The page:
Running came into my life, properly, in 2010. It was a shit year: all of a sudden I had broken up with a long-term boyfriend, my grandpa had died and I’d left Scotland and was back living at my parents; house and waitressing in a café. I would drive up the A1 to work every day and I remember crying so much I couldn’t see the road. It was the year I got so drunk I nearly knocked my front tooth out on a pavement, woke up with blood in my mouth.
When I was moping around, Mum would tell me to go for a run and I’d put my trainers on and plod off along the river and through the fields. I’d come home better – less tightly wound. The fields felt bigger when I ran, the past year less disastrous.
I’d entered the Great North Run on a total whim: Fabs, Davo, Katie and I, and Nick, one of Davo’s friends from uni. I had no clue what to expect but I had a training plan that I’d printed off the internet and would fit runs in around shifts at the cafe, plugging in my ipod and taking myself off along the back roads and the tracks around the village where I grew up.
Someone said I should join the local running club and on my first night I was so nervous I nearly turned the car around to go home. I was in the lowest group with a group of gossiping women who all flirted with John, the leader. We ran for an hour around my high school town, doing splits and encouraging each other up the hills. I didn’t say much but put my head down and it felt good.
Now I have run half marathons, trail runs, a marathon. I feel so strong when I run – like I can do anything. Sometimes I’m slow and I feel rubbish but at some point I’ll get into the swing of things and then it’ll be good.
When Al and I lived together and if I was fannying around deliberating whether to go out into the cold and when to put my put on my trainers, she would say to me “when have you ever regretted a run?” So we’d put our trainers on and go out into the night around Finsbury Park and Stamford Hill and Highbury, our breath like plumes in the cold and our footsteps loud on the slick pavements.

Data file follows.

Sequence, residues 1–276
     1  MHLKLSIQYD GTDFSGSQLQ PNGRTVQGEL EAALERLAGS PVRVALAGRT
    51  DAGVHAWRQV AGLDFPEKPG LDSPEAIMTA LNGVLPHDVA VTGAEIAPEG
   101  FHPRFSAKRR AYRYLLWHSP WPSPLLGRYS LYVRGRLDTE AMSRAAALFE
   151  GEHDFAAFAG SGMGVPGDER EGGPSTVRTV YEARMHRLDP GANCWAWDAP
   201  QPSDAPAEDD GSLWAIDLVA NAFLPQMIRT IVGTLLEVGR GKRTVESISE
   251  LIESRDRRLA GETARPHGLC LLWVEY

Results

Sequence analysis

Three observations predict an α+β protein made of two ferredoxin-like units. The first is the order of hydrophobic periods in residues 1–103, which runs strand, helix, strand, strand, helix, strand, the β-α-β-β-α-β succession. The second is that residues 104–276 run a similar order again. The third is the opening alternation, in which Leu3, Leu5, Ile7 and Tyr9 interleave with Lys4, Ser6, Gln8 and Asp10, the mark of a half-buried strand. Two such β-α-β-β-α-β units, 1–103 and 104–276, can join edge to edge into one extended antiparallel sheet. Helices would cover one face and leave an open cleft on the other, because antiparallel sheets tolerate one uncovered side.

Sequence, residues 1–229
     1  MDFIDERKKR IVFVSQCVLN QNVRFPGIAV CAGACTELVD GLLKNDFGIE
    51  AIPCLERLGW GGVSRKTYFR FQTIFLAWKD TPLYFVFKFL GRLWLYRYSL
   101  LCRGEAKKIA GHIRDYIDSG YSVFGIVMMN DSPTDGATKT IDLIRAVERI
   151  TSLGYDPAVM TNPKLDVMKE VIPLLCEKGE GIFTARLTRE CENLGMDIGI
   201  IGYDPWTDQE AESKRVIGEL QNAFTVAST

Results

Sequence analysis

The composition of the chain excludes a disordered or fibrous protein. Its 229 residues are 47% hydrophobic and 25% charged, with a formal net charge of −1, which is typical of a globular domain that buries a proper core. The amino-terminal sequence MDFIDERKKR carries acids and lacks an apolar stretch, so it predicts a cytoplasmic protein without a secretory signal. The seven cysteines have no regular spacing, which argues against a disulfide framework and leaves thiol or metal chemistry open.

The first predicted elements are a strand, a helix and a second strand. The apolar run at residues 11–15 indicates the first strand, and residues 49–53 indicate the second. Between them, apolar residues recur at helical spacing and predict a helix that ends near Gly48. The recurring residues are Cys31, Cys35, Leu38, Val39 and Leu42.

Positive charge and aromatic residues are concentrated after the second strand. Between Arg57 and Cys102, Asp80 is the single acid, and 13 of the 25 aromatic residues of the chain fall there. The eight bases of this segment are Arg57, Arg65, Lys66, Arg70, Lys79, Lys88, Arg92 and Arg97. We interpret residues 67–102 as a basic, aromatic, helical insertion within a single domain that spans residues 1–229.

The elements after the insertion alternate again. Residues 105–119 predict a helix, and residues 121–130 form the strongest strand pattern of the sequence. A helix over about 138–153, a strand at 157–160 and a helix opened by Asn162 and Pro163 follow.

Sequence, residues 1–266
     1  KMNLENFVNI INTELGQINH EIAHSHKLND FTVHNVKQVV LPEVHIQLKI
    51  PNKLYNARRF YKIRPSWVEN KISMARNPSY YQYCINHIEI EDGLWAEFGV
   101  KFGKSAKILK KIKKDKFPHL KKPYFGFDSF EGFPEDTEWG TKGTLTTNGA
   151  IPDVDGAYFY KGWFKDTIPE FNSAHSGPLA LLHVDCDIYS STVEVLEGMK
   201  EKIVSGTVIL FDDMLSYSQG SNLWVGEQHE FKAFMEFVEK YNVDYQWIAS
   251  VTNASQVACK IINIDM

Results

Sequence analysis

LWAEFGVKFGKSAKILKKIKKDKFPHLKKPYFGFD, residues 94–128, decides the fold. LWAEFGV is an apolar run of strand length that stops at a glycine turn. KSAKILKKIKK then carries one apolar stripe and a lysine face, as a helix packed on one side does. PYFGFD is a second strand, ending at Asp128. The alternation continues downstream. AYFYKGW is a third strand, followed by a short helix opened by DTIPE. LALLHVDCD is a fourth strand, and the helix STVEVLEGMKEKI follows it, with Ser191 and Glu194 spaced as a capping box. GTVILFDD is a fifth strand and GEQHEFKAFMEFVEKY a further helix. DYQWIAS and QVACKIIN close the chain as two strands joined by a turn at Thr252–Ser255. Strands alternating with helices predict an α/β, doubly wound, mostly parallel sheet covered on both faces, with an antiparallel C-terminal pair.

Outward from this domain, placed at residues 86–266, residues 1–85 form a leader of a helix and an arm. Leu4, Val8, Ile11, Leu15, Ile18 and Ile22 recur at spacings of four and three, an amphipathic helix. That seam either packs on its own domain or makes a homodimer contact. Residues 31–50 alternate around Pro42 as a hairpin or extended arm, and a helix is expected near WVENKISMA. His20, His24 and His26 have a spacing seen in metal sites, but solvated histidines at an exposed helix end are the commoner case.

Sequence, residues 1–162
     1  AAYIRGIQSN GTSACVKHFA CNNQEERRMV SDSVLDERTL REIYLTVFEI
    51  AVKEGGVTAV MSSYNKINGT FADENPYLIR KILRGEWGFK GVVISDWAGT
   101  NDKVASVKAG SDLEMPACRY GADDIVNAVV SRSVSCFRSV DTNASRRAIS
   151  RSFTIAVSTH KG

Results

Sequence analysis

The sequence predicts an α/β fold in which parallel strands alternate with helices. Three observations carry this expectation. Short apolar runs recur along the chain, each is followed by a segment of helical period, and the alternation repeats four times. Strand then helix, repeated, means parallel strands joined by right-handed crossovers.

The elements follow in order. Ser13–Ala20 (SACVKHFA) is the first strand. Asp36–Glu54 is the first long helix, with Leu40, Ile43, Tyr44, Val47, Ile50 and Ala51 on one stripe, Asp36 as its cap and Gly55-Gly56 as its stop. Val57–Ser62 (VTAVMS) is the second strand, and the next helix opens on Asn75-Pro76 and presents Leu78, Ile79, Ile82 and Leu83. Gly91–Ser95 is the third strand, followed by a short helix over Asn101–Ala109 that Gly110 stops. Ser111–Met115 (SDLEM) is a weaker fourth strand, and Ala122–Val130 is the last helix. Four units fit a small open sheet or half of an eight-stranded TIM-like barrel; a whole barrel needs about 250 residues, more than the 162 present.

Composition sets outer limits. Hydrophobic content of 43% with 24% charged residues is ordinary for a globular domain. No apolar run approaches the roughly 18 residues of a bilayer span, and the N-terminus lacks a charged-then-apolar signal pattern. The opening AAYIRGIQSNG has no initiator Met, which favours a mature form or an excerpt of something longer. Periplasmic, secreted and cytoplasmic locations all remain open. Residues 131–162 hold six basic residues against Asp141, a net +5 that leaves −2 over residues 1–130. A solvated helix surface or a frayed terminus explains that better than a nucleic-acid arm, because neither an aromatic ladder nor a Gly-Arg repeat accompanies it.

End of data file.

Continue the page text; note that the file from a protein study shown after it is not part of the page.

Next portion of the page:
Some of my best memories are when I’ve been running: dawn and dusks over London’s skyline, along the summer canals green with weed with Ian, with the girls on Berneray being pushed against the wind.
I’ve run in Northumberland and London, Crete and Dundee, Glasgow, Manchester and Edinburgh, and the sparkling blue beads of the Hebrides. Like Sian said to me the other day, running is like a thread, a string, a spine that goes through everything.
But now, as I’ve been writing this, I remember that I used to run when I was younger. These memories dredge themselves up from somewhere: volunteering on the water stall on the Coastal Run, watching my mum in her forties crossing finish lines, the cross-country at school with the air like ice in my lungs, Al and I running around the airfield with Mum with the promise of chocolate milkshakes afterwards keeping us going. My heart like a huge drum – POUND POUND POUND – in my chest as I ran.
And then I stopped.
Hit puberty, got boobs, worried about how I looked, didn’t choose GCSE PE or was part of the sporty group of girls at high school. How many girls were the same, and how long does it take to come back?
Not much to say now, and maybe I’m overthinking it. Like tonight: it’s freezing in London at the moment, that kind that makes you catch at your breath when you step outside. It’s dark at half four, work isn’t that easy and I’m stressed about the wedding and money. Making lists of things that need done and trying to work out when I can sort them.
So I put on a hat and tie my laces and go up through London Fields, over Dalston and the back way to Green Lanes forgetting the things I need to forget, tracing more lines across this city of ours.
Thank you, Sian for asking me to write this, glad I did.